Thus far, Tech’s most improved might be Abdoulaye Gueye

It wasn’t the most memorable play from Georgia Tech’s win over Northwestern. Yellow Jackets fans likely have watched – and watched again – guard Tadric Jackson’s buzzer-beating drive to the basket that gave Tech its one-point win Tuesday night.

But forward Abdoulaye Gueye made a play that was worthy of another look, too. In the first half, Gueye had his back to the basket in the low post, defended over his right shoulder by Northwestern forward Gavin Skelly. Patiently, Gueye faked right to the baseline and turned to his left away from Skelly for a jump hook when he saw center Dererk Pardon coming to double team.

Gueye recalled the play Thursday, before Tech’s practice to prepare for Friday night’s home game against Grambling State. Gueye recognized the double team and said he knew that meant that forward Moses Wright was open. Already in his motion to go up for the hook, Gueye whipped the ball with his right hand to Wright, now cutting down the baseline, for a dunk and an and-one foul.

The play required vision, quick thinking, understanding of the offense and the skill to pull it off. In Tech’s young season, Gueye has made enough of those plays to give hope that he can give the Jackets quality play in the frontcourt and possibly be the one to replace All-ACC center Ben Lammers next season.

“A.D. has gotten a lot better from where A.D. was last year to this year,” coach Josh Pastner said after the game.

Gueye, a junior from Senegal, has started all five games, averaging 26.6 minutes. He’s not shooting the lights out – he’s 5-for-21 from the field – but he has 26 points (14 from the free-throw line, on 21 tries), 24 rebounds and 11 assists against 10 turnovers. What both he and Tech assistant coach Eric Reveno described – and what is plain watching him – is his increased level of comfort on the court in his junior season.

Gueye has a jump hook that he can take with either hand, giving him a shot he trusts in the low post. Further, he has a year’s experience in Pastner’s offense. He is better at defending without fouling. His 11 assists have exceeded his nine from last season, and his turnover rate is lower.

Gueye, 6-foot-9, can even extend his range to the 3-point line. He was 2-for-3 beyond the arc against Texas-Rio Grande Valley. If left unguarded, and he has time to set his feet, he can knock down that shot.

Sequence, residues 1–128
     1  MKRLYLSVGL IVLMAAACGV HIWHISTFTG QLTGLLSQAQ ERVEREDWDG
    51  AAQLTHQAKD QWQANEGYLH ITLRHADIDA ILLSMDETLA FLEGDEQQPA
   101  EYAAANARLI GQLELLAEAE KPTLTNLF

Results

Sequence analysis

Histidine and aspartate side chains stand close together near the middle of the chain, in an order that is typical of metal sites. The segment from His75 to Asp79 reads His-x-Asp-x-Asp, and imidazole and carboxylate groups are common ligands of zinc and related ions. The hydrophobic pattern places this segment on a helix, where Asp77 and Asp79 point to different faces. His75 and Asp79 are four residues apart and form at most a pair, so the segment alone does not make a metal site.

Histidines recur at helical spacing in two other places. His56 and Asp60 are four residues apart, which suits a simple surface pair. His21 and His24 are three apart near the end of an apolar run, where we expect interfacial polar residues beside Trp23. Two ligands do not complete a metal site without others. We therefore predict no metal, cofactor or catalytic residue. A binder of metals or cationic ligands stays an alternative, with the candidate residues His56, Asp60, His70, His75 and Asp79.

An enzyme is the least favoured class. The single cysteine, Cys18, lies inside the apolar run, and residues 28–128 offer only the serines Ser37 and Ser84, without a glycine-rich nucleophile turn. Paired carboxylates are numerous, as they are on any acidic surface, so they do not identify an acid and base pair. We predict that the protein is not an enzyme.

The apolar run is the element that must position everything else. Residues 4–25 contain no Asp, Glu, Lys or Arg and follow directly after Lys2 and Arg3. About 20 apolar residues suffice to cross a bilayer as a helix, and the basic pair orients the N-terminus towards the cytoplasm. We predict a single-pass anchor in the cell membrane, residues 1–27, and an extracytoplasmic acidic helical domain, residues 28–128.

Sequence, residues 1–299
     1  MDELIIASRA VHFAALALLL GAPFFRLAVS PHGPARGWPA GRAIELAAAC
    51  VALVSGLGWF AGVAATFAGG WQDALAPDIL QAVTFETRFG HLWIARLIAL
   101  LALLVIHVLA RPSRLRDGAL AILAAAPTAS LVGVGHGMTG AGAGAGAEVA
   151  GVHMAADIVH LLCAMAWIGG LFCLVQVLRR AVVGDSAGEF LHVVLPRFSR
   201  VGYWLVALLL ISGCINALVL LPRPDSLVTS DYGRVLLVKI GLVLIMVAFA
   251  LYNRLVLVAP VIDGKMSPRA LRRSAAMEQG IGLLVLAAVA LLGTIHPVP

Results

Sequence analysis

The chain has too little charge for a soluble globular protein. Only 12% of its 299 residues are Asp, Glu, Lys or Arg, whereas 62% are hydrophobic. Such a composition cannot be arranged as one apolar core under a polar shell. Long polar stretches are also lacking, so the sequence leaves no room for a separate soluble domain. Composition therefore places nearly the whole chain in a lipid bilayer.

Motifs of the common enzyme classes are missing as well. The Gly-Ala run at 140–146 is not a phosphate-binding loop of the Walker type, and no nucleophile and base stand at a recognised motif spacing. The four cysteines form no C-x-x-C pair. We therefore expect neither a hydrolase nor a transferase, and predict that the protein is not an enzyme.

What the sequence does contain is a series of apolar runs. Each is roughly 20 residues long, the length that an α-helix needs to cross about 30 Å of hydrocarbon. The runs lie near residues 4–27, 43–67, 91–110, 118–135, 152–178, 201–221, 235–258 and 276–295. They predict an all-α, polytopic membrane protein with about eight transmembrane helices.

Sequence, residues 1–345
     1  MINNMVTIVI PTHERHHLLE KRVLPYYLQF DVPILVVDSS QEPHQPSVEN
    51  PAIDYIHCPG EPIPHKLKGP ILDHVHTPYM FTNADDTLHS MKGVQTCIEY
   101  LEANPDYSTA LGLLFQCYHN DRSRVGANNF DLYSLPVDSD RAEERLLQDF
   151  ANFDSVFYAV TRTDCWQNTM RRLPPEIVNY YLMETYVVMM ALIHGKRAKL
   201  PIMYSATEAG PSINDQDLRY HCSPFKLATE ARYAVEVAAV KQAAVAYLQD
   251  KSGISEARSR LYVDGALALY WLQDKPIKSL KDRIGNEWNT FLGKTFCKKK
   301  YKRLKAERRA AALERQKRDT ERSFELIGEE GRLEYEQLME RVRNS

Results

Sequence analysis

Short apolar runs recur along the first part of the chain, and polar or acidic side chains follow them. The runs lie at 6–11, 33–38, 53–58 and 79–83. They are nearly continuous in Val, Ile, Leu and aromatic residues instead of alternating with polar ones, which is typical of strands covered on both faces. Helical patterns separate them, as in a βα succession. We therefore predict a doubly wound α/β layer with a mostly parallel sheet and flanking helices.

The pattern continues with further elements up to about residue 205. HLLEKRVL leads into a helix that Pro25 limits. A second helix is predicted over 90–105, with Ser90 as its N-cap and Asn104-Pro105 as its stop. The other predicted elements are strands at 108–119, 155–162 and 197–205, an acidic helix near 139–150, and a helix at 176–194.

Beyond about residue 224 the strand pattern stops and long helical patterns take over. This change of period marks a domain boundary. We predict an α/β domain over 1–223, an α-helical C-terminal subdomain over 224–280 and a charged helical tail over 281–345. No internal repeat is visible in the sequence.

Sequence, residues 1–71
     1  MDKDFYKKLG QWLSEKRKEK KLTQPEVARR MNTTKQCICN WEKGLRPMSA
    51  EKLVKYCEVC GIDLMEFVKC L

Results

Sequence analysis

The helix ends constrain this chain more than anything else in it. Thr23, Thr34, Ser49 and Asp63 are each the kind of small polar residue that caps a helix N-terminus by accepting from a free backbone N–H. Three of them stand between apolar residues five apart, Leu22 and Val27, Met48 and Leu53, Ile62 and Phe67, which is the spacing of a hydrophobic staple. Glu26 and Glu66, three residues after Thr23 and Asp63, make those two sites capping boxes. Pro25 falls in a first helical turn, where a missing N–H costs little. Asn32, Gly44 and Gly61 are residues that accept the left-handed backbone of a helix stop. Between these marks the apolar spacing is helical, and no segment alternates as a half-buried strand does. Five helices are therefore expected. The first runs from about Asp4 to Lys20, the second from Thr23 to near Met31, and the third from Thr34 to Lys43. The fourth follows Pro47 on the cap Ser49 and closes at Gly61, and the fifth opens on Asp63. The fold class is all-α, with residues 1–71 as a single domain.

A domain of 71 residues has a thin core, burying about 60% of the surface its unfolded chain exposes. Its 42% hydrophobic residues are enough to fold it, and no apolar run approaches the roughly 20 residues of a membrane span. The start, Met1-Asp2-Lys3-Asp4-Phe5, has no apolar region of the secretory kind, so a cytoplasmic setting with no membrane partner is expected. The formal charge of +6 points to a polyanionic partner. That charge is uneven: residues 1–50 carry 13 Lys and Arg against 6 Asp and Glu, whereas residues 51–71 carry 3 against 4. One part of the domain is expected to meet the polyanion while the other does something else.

A year ago, Gueye averaged 10.1 minutes in 20 games last season, primarily playing as Lammers’ backup. He averaged 1.2 points and 2.5 rebounds and committed a foul once every 8.4 minutes. He was coming along at the time of his wrist fracture in the 22nd game of the season, but he has taken another couple steps since then.

Gueye credited offseason work with former graduate assistant Taj Finger, now an assistant coach with the Oklahoma City Thunder’s G-League team, and Reveno, who oversees Techs’ big men. Reveno said that Gueye and Sylvester Ogbonda have been willing to embrace the monotony to shoot the hundreds of shots necessary to develop muscle memory in their jump hooks and post moves.

Gueye is an example of the development that players have made since Pastner’s hire, notably Lammers and former Jacket Quinton Stephens, whose starting job Gueye has claimed.

“That’s not Josh Pastner,” Pastner said. “I hired a great staff. I’ve had good coaches who’ve done that, good coaches who’ve gotten guys better.”

Gueye’s pass out of the double team came during a critical stretch in the game, when Lammers went to the bench with two first-half fouls. Lammer has been so integral to the team’s success at both ends of the floor that Pastner was loathe to take him out of games last season, particularly after Gueye’s season-ending injury. 

Against Northwestern, with Lammers on the bench, Gueye helped hold the team together over the next 8:20, blocking a shot at the rim, scoring twice, getting one rebound and delivering the assist to Wright. Ahead 9-8 when Lammers left, Tech was up 22-20 when Lammers returned and Gueye took a well-deserved break.

Beyond his contributions at power forward, Gueye’s ability to be an effective sub for Lammers could have a significant impact for the Jackets. The ACC’s reigning defensive player of the year likely will be more effective playing 32 to 34 minutes per game than he would be playing 38 or more, which he did 15 times last season, and Gueye looks like the one most likely to permit him that rest.

The more Gueye plays at Lammers’ high-post position, the more likely it is, too, that he’ll be the one to take over for Lammers next season. But, those are plans for months down the road. All Gueye needs to do now, Pastner might say, is help the Jackets beat Grambling State.

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